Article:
Once—I think I was mad because mom had let Rooey get away with something, again—I didn’t let him out when he gave the triple-knock. He tried again. There was a moment of silence that I took to be him getting pissed, and I smiled.
Then he started pounding, and after a few seconds, screaming. I fumbled with the lock while the door shuddered. “LEEEET MEEEE OOUUUUT!”
When the door finally swung open my little brother fell out onto his side, his face white save for two spots of color on his cheeks. He stared at me in disbelief, his brown eyes watery.
When he stood and came at me, I didn’t fight back. I let him flail his fists and scream himself hoarse. Eventually we played something else. He didn’t tell mom—he never did. That was the last time we played Coffin.
There are six stairs leading down to Felix’s door. When I get to the bottom I’m always aware of how much of me is below ground. It’s like a very wide grave, this apartment. Recently I’ve had to fight the urge to turn around and go back up.
Felix is cooking with his back to the door and doesn’t hear me come in. He’s got his khakis on from work and no shirt. He has what he calls a “techie tan” which means he is white like recycled paper. He works at an internet dating company fixing the employees’ computers. He finds it exciting. He finds almost anything exciting. It’s probably why I like him.
I watch his papery back at the stove and think, he is biodegradable. Then I think that his body mirrors the apartment, the bottom buried and the top exposed to light.
He turns and sees me and sings, “Ma-a-a-axine! You don’t have to put on the red light!” I smile and he takes my face in his hands and kisses me loudly. His lips are mushy like old pillows.
We have pesto for dinner and he talks about how he managed to solve three peoples’ problems without even showing up at their cubicles.
“If people would just troubleshoot, it would save so much time. A simple logical process, that’s all it takes!”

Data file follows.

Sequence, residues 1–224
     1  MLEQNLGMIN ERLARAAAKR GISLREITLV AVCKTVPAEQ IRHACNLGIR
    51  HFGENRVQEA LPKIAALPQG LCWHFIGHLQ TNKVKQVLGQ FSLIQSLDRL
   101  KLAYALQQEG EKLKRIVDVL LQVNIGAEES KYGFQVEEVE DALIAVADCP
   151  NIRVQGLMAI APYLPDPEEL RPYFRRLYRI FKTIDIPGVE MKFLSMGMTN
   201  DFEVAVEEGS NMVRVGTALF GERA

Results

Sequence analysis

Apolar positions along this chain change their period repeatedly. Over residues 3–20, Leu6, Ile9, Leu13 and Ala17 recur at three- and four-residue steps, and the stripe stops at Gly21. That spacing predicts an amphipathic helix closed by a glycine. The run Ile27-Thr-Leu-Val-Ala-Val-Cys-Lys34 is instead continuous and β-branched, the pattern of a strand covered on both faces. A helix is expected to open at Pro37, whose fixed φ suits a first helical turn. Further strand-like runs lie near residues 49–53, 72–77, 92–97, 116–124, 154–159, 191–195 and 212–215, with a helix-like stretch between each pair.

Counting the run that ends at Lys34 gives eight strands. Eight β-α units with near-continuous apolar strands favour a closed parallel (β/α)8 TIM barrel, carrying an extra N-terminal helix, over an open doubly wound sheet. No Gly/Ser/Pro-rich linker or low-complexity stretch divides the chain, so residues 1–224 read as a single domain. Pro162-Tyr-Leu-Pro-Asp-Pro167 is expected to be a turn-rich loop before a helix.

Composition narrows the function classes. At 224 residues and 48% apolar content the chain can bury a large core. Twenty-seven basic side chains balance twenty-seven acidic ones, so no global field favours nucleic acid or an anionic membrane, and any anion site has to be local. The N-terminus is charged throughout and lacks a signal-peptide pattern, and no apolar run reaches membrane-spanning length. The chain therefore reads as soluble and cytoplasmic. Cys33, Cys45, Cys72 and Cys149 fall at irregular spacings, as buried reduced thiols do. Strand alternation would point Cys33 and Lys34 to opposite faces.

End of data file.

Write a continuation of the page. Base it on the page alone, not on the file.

Since Rooey died, Felix has become even more enthusiastic, maybe to make up for my silences.
I tell him about the cover story. He wants to celebrate so we get in bed and drink a bottle of champagne under the covers.
“I’m feeling better.”
“I think I’m getting over it. I think I’m done crying.”
“Wow! Well. You know. Take your time. There’s no time limit.” He looks at me solemnly and I notice his pores. When did they get so big? On his nightstand, turned upside-down, is a book: When a Loved One Grieves.
“Have you thought any more about trying therapy?” he asks.
“Not my thing.”
“I know you believe that, but how can you know if you don’t try?”
“I’d rather not talk about this stuff right now. Okay?” I slip my hand in his boxers. I could care less about sex with Felix lately and now is no different, but at least it will shut him up.
I wonder how he’ll react if I tell him to fuck me, so I whisper it—“I want you to fuck me”—and he blushes; we’ve never used this word before and I realize he doesn’t necessarily know how it differs from what we usually do, what he always refers to as “making love.” But he gives it a shot. He gets on top of me, sticks it in, and buries his face in my neck, biting me, I think, though I can’t be sure.
“Harder,” I tell him, squirming a bit, and he tries to pin my arms over my head while holding himself up with one hand, but he loses balance and folds down on top of me.
His face finds my armpit for a second and his nose wrinkles up.
I sniff under my arm. “Whew. Kind of manly, I know.”
He smiles. “No big deal.”
“I’ve been using Rooey’s deodorant.”
“Oh.” He pauses, traces my bellybutton with his middle finger. “Why?”
“Works better. And it doesn’t smell like flowers.”
“What’s wrong with flowers?”
I shrug. “They’re so girly.”